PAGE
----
In addition to audio/video compression, the MPEG-4 standard also specifies compression types for each of the other object layers. For example, MPEG-4ís native still images use a wavelet-based compression that is three to five times more efficient than JPEG, according to e-Vue, whose currently available ìImage Studioî compresses MPEG-4 stills. And, because Wavelet compression is inherently scalable, low-detail versions of images can load very fast in a browser with increasing sharpness as more data arrives. MPEG-4ís 3D animation is very much like VRML.

By mixing still images, 2D graphics, and 2D and 3D animation with video, MPEG-4 enables characters and objects to be placed in easy-to-compress artificial environments. This capability creates wild new design possibilities and dramatically reduces the amount of data required to transmit video streams. MPEG-4 also frees video streams from the standard rectangular format of television. MPEG-4 videos can be square, oval, octagonal, or even the shape of a face through the use of a one-bit mask around the desired shape.

Imagine a person talking in front of a static background. An MPEG-4 encoder could use that mask around the desired object or shape, thereby eliminating it from display or replacing it with some other layer such as a still image or computer-generated environment.

Ganesh Rajan, IVastís director of Technical Marketing says, ìWeíll do all those features, but one piece at a time. We hope to generate interest with a freeware version of our encoder that just does video and audio, then begin to offer more features as fast as we can.î Rajan believes that once people realize that they can create interactivity with video through hotspots and buttons, or add other non-video media types like charts, graphics, or maps, theyíll be hooked on MPEG-4.


The Big Bit Bucket

MPEG-4 goes even further than its low bitrate target by supporting previous versions of MPEG and, thus, can achieve much higher data rates. While the MPEG-4 standard lays out specific native compression types for its various components, it ultimately has the ability to compartmentalize a wider variety of media objects. For example, the video component of an MPEG-4 stream could contain a very high-bandwidth MPEG-2 file rather than a low bitrate Internet file. Itís this aspect of MPEG-4 that makes other implementations like set-top boxes and digital cinema possible.

Set-top box manufacturers expect to exploit MPEG-4ís data handling ability for two-way communications. An MPEG-4 decoder can send information back to the encoder, therefore video hot-spots or button graphics could yield the DVD-style interactivity that would be required by a set-top which currently might require a separate modem connection. Of course, set-top boxes connected to consumer television sets will need higher bandwidth and resolution than typical MPEG-4 streams, and will use either MPEG-1 or MPEG-2 video within the MPEG-4 structure.


The Wireless Revolution

Today, one of the biggest pushes for MPEG-4 comes from the wireless industry, targeting both cellular phones and PDAs as receivers for video data. Cellular phone makers, wireless carrier companies, and content owners all have an interest in making wireless video happen. It means more data and more billable airtime and itís yet another distribution outlet for existing content, but it also potentially opens to new types of video content and therefore vast new business opportunities.

So-called ìnanny-camsî could allow parents to see their children anytime in the home or at daycare centers. Highway cameras would allow motorists to see traffic ahead before they see the taillights. And doctors could make house calls again, via video.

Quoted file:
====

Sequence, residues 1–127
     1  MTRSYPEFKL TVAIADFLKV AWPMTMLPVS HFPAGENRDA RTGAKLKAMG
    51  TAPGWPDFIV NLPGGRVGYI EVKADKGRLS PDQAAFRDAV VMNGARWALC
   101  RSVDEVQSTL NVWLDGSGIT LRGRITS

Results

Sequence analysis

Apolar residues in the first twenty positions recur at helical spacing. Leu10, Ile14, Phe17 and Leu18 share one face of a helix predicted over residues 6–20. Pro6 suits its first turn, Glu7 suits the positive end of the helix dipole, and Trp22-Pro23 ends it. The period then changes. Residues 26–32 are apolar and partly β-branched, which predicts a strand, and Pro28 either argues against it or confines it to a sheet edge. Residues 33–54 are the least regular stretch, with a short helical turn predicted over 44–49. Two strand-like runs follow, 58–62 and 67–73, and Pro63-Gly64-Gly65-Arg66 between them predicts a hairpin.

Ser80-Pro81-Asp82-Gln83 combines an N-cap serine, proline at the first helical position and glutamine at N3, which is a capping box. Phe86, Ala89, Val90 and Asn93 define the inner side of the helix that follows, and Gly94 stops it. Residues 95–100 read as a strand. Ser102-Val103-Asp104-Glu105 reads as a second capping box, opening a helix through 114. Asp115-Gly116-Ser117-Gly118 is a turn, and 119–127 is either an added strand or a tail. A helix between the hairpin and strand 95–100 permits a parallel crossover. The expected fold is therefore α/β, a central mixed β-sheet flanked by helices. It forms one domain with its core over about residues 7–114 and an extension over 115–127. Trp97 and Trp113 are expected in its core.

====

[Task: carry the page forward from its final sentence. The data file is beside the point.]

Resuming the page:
Unfortunately, todayís generation of cellular has a bandwidth of only 14.4 Kbps, half that of relatively antiquated 28.8 modems. Since more than half that bandwidth is needed for speech, thereís very little room left for video, never mind the 100KB targeted by the committee for MPEG-4.Ý Yet again, MPEG-4ís flexibility has allowed wireless proponents like Packet Video to reduce resolutions and frame rates to achieve demonstrable video results on wireless devices.

Ed Suski, senior director of technical marketing, reports that many employees of Packet Video already carry video-enabled prototype cellular phones or PDAs today. Packet Video, says Suski, also currently ìhas trials going on with 16 wireless carriers in 11 different countries, including Sprint here in the United States and Sonera, the largest wireless provider in Finland.î

Packet Video is leveraging two basic visual profiles of the MPEG-4 standardó the ìsimpleî and the ìsimple scalableî profilesóto deliver video to mobile devices. The simple profile includes a minimal degree of error resilience that importantly ensures the integrity of the video stream. However, itís the simple scalable profile which allows a decoding device, like a cellular phone, to tell a video server what kind of technology and bandwidth it has to work with, thereby allowing the server to send the proper stream for display. Even better, unlike RealVideoís SureStream technology or QuickTimeís ìhinting tracksî, the server does not need to have multiple bitrate versions of a video stream on file, but rather can prune from a single existing stream by reducing frame rate or resolution on-the-fly to accommodate a lower-bandwidth decoder.

And while todayís wireless bandwidths are scant, the next generation of cellular technology, so-called ì2 1/2 Gî (a ìdot revî in computer terminology) is expected to boost wireless bandwidth to 64-144KB this year. A third generation is already in planning that would raise wireless bandwidths to as much as 2Mbpsóplenty for video, but that advance will require wholesale infrastructure changes that are likely to take some time.


I want my MPEG-4

Alas, unless you work at Packet Video or one of the other MPEG-4 pioneers, you may have to wait awhile for a nanny-cam or video cell phone. Like any emerging technology, it will take some time for an infrastructure to get into place and for consumer momentum to grow. However, many industry players believe that products will begin to appear this year.

Whether it happens this year or next, there is already significant momentum behind the scenes from several very large companies supporting MPEG-4 in several areas. Packet Videoís Suski notes that it has had interest from big names like Sony Pictures, Universal Studios, Warner Bros. New Media Division, ABCNews.com, and 20th Century Fox. Suski senses that these companies ìall feel like they missed the boat on the first wave, the Internet, so they all want to be ready for this one.î

Corporate users will ultimately need to wait and see what practical applications emerge from this tempting technology. However, with all that money flowing in support of MPEG-4, opportunity is likely to be at the crest of that wave, and the boat is now boarding.